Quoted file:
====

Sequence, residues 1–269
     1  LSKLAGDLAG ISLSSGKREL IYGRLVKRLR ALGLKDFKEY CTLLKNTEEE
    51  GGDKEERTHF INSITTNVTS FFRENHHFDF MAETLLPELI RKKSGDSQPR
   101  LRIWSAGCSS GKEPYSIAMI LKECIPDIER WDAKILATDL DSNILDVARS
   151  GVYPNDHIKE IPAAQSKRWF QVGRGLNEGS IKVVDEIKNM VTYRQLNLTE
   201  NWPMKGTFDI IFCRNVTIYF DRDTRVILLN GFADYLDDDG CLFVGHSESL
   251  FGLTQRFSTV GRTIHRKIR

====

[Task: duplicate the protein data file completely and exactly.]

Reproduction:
Sequence, residues 1–269
     1  LSKLAGDLAG ISLSSGKREL IYGRLVKRLR ALGLKDFKEY CTLLKNTEEE
    51  GGDKEERTHF INSITTNVTS FFRENHHFDF MAETLLPELI RKKSGDSQPR
   101  LRIWSAGCSS GKEPYSIAMI LKECIPDIER WDAKILATDL DSNILDVARS
   151  GVYPNDHIKE IPAAQSKRWF QVGRGLNEGS IKVVDEIKNM VTYRQLNLTE
   201  NWPMKGTFDI IFCRNVTIYF DRDTRVILLN GFADYLDDDG CLFVGHSESL
   251  FGLTQRFSTV GRTIHRKIR